Cape Cod Trail Run: Crane Wildlife Management Area

Cape Cod Trail Run
Marc ChalufourBlogger Marc Chalufour explores Crane Wildlife Management Area on his Cape Cod Trail Run.

When you think about iconic Cape Cod, what do you picture? Probably long beaches, grassy sand dunes, and salty ocean air, right? If you’re a runner, that picture likely includes Falmouth Road Race, the classic 7-miler that has traced the Cape’s picture-perfect coast every August for more than four decades. Turn 180 degrees from the water, though, and there’s another distinct Cape landscape: grassy, wildflower-strewn meadows and pitch-pine forest growing out of that same sand. And trails. Windy, moderately hilly, grassy, sandy trails.

Just a couple miles from downtown Falmouth, you can run for miles through the woods at Crane Wildlife Management Area. I picked the eastern portion of the property since the Falmouth Track Club hosts an annual trail race there, figuring I’d follow their 5K or 10K route to see the best trails. On a bright Saturday afternoon I pulled into the parking area off Route 151 and stretched for a few minutes. Meadow spread out in every direction, eventually reaching forest in the distance. Birds shot up out of the grasses and vanished just as quickly.

Otis Air Force Base, along the northern boundary of the wildlife area, wasn’t visible from my vantage point. I could hear what sounded like firecrackers but I can only assume was actually some sort of military training exercise.

I was headed west, though. The trails, mostly grown-over dirt roads, wind all over Crane in a tight cluster—too tight for easy navigation. After pausing repeatedly in the first mile to check my map of the race course, I gave up on that plan and started turning in the approximate direction I wanted to go. With traffic from Route 151 always audible to the south, staying oriented wasn’t a challenge.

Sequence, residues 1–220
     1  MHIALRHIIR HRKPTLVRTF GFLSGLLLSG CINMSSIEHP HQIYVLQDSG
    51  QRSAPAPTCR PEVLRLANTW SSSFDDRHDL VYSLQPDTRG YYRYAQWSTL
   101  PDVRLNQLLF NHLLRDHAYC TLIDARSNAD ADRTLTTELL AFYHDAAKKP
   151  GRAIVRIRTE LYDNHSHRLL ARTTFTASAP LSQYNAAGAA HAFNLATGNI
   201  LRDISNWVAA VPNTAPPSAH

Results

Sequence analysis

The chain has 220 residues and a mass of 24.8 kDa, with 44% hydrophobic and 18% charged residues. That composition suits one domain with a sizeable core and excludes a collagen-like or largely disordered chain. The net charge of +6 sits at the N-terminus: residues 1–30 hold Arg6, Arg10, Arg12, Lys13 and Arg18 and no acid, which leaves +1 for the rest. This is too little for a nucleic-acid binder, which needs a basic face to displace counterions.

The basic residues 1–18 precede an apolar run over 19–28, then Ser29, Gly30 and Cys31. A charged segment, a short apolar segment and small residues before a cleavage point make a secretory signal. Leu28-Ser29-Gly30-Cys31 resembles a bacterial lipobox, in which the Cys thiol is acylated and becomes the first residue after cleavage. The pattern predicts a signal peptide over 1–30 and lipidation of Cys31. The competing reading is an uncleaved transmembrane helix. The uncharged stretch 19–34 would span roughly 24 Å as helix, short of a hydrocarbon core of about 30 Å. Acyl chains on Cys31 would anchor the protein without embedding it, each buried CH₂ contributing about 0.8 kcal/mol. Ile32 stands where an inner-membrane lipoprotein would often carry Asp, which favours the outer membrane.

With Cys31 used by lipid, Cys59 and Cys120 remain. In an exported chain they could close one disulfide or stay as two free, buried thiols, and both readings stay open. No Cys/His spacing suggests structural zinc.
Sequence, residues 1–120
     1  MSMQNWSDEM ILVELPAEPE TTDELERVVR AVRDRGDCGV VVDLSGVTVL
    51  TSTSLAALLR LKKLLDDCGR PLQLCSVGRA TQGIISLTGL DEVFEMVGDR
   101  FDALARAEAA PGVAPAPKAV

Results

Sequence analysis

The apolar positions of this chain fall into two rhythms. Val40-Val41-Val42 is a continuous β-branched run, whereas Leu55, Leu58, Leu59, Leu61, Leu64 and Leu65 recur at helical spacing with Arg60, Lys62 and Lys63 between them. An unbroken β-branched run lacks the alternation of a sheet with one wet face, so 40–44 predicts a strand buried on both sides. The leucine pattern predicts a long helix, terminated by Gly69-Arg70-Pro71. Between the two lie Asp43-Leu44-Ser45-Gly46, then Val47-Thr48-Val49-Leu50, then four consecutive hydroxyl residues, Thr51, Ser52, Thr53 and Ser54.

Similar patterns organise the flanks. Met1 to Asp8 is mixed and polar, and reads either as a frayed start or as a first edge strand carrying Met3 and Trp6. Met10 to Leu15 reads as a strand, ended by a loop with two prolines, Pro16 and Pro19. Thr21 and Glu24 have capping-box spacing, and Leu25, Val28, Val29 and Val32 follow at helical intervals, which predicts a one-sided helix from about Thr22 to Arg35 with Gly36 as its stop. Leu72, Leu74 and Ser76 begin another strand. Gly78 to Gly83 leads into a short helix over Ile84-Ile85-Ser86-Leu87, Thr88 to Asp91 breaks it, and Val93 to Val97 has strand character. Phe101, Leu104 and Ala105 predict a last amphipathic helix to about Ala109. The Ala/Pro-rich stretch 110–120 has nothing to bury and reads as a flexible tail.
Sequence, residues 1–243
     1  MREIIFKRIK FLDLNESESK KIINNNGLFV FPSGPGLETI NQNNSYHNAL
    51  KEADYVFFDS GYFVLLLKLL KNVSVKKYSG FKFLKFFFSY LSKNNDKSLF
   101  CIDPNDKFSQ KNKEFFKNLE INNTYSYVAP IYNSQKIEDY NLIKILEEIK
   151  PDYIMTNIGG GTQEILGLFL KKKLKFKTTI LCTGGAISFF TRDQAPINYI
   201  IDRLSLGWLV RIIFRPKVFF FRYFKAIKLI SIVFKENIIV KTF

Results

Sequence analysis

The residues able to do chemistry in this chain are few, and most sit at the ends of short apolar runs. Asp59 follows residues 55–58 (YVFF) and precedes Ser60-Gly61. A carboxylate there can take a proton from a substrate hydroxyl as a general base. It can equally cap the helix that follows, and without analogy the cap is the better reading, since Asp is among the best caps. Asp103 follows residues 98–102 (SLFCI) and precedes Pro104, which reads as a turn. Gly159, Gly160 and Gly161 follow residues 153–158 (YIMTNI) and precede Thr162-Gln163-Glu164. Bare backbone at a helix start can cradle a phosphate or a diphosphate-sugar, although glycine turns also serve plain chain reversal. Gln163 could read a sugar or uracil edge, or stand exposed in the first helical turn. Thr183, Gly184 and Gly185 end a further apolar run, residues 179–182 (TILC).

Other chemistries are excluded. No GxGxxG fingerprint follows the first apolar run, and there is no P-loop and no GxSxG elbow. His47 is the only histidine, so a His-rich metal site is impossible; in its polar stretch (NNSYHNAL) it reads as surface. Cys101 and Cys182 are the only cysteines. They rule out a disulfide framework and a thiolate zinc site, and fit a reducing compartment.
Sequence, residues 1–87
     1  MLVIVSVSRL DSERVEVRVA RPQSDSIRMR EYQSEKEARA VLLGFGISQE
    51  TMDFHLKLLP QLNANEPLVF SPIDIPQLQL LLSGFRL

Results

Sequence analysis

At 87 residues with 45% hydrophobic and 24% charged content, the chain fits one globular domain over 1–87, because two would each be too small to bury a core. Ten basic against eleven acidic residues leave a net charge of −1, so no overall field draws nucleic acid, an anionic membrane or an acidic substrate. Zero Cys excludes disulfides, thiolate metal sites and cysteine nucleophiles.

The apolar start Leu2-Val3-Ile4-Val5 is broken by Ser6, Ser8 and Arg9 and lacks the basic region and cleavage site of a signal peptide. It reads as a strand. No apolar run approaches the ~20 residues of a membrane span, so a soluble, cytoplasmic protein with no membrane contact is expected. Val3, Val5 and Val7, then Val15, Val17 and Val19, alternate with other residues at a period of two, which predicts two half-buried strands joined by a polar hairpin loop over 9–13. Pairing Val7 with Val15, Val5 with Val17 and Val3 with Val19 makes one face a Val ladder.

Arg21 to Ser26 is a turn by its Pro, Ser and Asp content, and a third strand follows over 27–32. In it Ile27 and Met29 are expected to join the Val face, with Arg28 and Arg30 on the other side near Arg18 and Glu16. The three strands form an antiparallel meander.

Once I reached the trees, the uniform meadow gave way to small, rolling hills. Striding over loose sand, soft soil, and scattered pine cones, I followed footprints, horseshoe prints, and mountain bike tracks to stay on the most heavily traveled trails. One left-hand turn led into an open meadow, maybe the size of a football field, filled with chin-high wildflowers. Even on this late July day, wildflowers—white, yellow, orange, and purple—bloomed across Crane. (With grasses often tickling your knees as you run, a thorough post-run tick check is advised.)

The day was warm and my legs tired, so I  stopped at 3 miles, but having  indulged my curiosity on the first half of the run, I found myself wondering what was down each side trail I passed on the way back to the car. A runner could spend a fun afternoon piecing together a long run by looping around and around Crane’s maze of trails without any regard for reaching a particular destination.


About the Author…

Marc Chalufour

AMC Outdoors inspires people to engage in outdoor conservation and recreation through meaningful stories.

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